The Bioeconomy Information Sharing and Analysis Center (BIO-ISAC) has released an advisory following an investigation into an advanced persistent threat (APT) attack targeting biomanufacturing facilities.
Researchers at biomedical and cybersecurity company BioBright began investigating the APT attack after a large, unnamed biomanufacturing facility was involved in a cyberattack in the spring of this year. BIO-ISAC said BioBright identified a malware loader “that demonstrated a high degree of autonomy as well as metamorphic capabilities”.
The APT attack, now named Tardigrade, was also discovered at a second unidentified biomanufacturing site in October.
In the threat advisory, published this week, BIO-ISAC advised biomanufacturing sites and their partners to assume they are targets of the malware and “take necessary steps to review their cybersecurity and response postures”.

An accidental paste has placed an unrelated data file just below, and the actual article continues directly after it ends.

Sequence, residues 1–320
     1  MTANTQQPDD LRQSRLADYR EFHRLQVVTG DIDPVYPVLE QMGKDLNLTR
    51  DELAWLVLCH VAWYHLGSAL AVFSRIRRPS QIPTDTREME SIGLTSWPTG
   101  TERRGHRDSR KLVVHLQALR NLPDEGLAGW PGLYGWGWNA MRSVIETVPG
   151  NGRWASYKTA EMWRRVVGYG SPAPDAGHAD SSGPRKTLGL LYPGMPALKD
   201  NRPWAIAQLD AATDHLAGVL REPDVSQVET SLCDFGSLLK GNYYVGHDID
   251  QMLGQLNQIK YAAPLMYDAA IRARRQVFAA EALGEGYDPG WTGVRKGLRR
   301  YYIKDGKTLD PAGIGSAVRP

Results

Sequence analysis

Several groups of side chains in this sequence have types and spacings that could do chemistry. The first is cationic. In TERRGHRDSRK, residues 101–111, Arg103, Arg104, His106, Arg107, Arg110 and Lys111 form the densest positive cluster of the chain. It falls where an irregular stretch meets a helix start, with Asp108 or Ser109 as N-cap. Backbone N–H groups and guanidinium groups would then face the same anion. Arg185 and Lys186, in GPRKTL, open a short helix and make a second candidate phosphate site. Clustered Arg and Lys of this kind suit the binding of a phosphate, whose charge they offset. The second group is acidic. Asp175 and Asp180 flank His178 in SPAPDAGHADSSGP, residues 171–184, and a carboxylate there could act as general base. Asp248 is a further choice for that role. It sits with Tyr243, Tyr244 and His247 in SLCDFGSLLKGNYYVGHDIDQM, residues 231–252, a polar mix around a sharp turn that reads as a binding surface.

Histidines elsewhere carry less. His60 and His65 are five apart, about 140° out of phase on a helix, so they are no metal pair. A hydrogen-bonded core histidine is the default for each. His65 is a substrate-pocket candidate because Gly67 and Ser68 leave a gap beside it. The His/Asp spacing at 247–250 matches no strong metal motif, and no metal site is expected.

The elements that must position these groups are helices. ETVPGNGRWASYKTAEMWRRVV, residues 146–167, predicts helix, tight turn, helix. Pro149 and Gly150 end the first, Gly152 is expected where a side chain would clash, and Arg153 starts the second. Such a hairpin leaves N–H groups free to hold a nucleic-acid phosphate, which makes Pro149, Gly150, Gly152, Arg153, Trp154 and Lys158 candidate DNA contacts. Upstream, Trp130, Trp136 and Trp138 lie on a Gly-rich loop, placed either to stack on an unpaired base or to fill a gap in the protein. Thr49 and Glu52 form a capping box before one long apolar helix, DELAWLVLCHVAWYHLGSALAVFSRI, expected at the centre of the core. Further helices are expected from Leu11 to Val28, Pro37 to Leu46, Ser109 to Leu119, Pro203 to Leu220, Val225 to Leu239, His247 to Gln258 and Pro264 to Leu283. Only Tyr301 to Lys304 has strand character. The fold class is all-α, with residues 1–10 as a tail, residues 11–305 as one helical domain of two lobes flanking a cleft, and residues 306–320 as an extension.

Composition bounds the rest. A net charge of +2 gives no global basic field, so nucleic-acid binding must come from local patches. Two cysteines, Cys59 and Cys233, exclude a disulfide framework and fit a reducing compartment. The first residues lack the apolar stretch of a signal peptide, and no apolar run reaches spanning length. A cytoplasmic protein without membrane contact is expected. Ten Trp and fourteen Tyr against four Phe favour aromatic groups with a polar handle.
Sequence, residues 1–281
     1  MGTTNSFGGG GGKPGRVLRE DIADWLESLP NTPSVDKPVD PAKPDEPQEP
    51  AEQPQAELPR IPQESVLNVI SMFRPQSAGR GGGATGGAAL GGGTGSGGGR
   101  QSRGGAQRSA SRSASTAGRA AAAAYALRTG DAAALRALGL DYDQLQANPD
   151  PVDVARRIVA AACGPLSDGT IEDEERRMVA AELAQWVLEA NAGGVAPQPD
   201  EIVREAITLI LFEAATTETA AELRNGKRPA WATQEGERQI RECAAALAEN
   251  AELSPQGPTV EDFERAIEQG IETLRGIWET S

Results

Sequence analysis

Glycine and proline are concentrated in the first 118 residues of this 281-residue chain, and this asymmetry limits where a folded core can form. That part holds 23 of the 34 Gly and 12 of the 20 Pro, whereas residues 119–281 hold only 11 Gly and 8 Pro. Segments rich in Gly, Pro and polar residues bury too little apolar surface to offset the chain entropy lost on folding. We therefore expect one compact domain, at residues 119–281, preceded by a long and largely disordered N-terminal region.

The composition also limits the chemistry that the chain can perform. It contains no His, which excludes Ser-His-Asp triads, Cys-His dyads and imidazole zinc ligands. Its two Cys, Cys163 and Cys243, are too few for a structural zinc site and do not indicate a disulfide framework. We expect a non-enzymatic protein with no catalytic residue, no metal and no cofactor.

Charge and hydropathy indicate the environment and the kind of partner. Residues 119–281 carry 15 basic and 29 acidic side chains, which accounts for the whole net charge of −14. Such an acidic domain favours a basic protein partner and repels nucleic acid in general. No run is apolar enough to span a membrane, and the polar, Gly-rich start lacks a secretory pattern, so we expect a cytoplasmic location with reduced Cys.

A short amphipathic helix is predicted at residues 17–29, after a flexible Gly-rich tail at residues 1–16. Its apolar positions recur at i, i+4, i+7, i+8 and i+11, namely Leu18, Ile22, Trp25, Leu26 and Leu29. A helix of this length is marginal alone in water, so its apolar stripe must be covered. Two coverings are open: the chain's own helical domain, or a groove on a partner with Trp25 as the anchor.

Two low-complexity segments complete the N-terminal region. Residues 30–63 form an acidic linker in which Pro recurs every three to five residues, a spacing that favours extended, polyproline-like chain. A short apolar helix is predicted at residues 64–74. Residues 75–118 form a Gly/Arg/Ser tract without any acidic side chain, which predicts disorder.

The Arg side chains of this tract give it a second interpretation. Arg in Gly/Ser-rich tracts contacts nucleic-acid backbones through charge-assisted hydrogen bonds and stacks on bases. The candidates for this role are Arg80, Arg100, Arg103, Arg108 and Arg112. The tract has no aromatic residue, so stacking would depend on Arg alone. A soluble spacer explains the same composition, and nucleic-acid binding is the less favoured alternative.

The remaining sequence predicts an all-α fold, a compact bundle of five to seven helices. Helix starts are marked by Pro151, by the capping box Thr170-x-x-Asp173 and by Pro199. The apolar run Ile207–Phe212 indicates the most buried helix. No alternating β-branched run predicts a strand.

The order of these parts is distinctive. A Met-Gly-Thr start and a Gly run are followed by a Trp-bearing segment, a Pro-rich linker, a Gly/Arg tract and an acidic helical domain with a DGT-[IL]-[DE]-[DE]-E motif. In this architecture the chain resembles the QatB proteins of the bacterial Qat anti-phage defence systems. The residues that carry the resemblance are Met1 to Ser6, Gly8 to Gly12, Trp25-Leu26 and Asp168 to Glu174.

Analysis of the cyberattack is ongoing, but BIO-ISAC said it had decided to bring its initial findings to the public’s attention due to the “advanced characteristics and continued spread” of the active APT.
The pharmaceutical industry has been a prime target for cybercriminals for some time, and the development of valuable new Covid-19 vaccines and drugs has only heightened the risk of a security breach for drug companies.
Last November, the National Cyber Security Centre (NCSC) reported that it had defended the UK health sector from 723 incidents between September 2019 and August 2020, with around 200 of the attacks relating to Covid-19.
This year, the number of cybersecurity incidents managed by the NCSC reached an unprecedented 777. The centre said around 20% of the organisations it had supported were related to vaccines and the health sector.